Christmas greeting – or call to convert? GOP lawmaker’s Christmas message causing controversy

This is an archived article and the information in the article may be outdated. Please look at the time stamp on the story to see when it was last updated.
Data pix.

WAUKESHA -- A Christmas greeting -- or a call to convert? A recorded Christmas message from a Waukesha Republican state representative is causing some to argue it's a violation of the separation between church and state.

The Freedom From Religion Foundation in Madison believes Rep. Scott Allen (R-Waukesha) shouldn't have emailed and recorded his message using state equipment.

Allen says his intention is peace, and hope.

It's not uncommon for lawmakers to send out Christmas greetings to constituents.

In his Christmas Day 2013 message, President Barack Obama and First Lady Michelle Obama even directly referenced their faith.

President Barack Obama and First Lady Michelle Obama Christmas 2013 message

President Barack Obama and First Lady Michelle Obama Christmas 2013 message

But some believe a video by Rep. Allen crosses a line. Not because of the Christmas theme, but because of Allen's religious call to action.

"For those who may watch this who are not Christians, I invite you to consider the hope offered by the Prince of Peace," Allen says in the video.

Rep. Scott Allen

Rep. Scott Allen

"It`s just inappropriate," Annie Laurie Gaylor said.

Gaylor is the co-president of the Madison-based Freedom From Religion Foundation.

She says her office has already received a complaint from one of Allen's constituents.

In a letter sent out on Christmas Eve, those with her group are calling on Assembly Speaker Robin Vos (R-Rochester) to investigate the issue further.

"They`re not supposed to tell us what to believe and what church to go to and how to be saved," Gaylor said.

Annie Laurie Gaylor

Annie Laurie Gaylor

Gaylor is also criticizing Allen for recording and emailing the message using state equipment.

When asked whether she sees this as an issue of separation between church and state, Allen said: "Well, I`m not quite sure. My church wasn`t involved at all in the production of that video."

Allen says the reaction he has received from constituents has been positive.

Fellow Republicans, like Assembly Minority Leader Jim Steineke (R-Kaukauna) backed Allen on social media. Allen didn't directly answer whether his remarks are a call to convert non-Christians, but he maintains that his faith defines him as a person and a leader.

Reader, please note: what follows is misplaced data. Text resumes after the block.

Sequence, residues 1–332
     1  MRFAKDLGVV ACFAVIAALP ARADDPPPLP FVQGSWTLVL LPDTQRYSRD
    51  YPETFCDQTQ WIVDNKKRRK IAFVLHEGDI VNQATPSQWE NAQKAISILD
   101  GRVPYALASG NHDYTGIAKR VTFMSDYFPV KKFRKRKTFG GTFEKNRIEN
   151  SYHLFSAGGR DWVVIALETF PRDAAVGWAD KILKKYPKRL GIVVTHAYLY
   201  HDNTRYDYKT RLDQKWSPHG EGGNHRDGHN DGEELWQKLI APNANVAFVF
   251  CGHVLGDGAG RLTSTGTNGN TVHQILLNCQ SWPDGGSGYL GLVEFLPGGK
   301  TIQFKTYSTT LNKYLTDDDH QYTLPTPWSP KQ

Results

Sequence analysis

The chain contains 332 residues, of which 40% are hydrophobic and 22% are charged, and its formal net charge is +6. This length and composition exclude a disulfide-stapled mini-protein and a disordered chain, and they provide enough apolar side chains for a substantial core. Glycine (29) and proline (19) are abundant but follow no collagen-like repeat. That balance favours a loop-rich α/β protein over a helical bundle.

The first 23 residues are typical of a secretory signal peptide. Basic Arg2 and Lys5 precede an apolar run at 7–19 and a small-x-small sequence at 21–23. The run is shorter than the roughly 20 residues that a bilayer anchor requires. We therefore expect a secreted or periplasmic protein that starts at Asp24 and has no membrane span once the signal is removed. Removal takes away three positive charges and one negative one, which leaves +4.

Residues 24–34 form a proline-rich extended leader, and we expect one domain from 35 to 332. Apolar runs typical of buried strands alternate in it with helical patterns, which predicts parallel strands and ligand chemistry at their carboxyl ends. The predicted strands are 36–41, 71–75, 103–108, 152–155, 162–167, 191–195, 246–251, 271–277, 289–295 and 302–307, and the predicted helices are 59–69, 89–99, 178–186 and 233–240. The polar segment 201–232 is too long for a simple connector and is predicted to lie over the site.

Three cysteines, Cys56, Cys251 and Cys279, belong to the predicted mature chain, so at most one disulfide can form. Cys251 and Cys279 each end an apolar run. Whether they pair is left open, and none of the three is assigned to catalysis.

Assembly Minority Leader Jim Steineke

Assembly Minority Leader Jim Steineke

"It is by definition who I am. It is inseparable from me. If people of the 97th District don`t like that, then they have a choice to make," Allen said.

Assembly Speaker Robin Vos said Tuesday, December 29th that Allen used the Assembly's studio in the state Capitol and state equipment to produce the video. Vos said he thinks the message is appropriate and people are making too much of it.

Allen's video was uploaded to the Wisconsin Assembly Republicans YouTube channel, where it has received mixed reviews from users, and about 450 views as of Thursday night.

7 comments

  • Belowme

    Really, one complaint? Get a life Gaylor and i hope you and your family aren’t celebrating christmas, no gifts for you or your family. I bet you bombard the airwaves with anti religion propaganda all the time, hypocrite.

  • Michael Neals

    I cannot help but think that if a non-christian professed their faith etc. and a CHRISTIAN complained, the christian would be prosecuted for a hate crime toward the professing non-christian. It is free speech, an opinion, a proclamation of his/her own. Don’t like it-change the channel, turn it off. Do NOT silence it. By silencing no one is given the opportunity to choose. And if you choose not to decide you still have made a choice. ;)

    • RB

      Profess your faith in the supernatural on your own dime. Not with our taxes funding your personal beliefs; not in our tax funded public schools, offices, parks, capitals, or social media. …It is offensive to proselytize the public with your personal religious beliefs by piggy-backing on our government venues–being fundamentally against our law. Balking and ranting, calling foul, should others with sincerely held beliefs object on the basis that the existence of your religious supernatural otherworld–is not at all natural, not at all grounded in reality, nor appropriate for government endorsements. You are free to practice your religion in this country, and you are not free to practice it on me, my family, or friends.

      If you think your religion gives you the right, to subvert and supersede our secular law, you are wrong. It is my right to call you out for every abuse of our government venues to express your personal Christian beliefs, exclusionary to all others. And until you cease and desist doing so, you are free to whine and demean others with conflicting beliefs, and a better understanding of our law. I get the impression from these social venues, that some of the “faith” would seriously like to resurrect the Christian blasphemy laws that ended as late as the early 20th century, and reinstitute the inquisition, and fortunately nature has a way of evolving life, even beyond the supernaturalism fantasized by the minds of some humans.

Comments are closed.

Notice: you are using an outdated browser. Microsoft does not recommend using IE as your default browser. Some features on this website, like video and images, might not work properly. For the best experience, please upgrade your browser.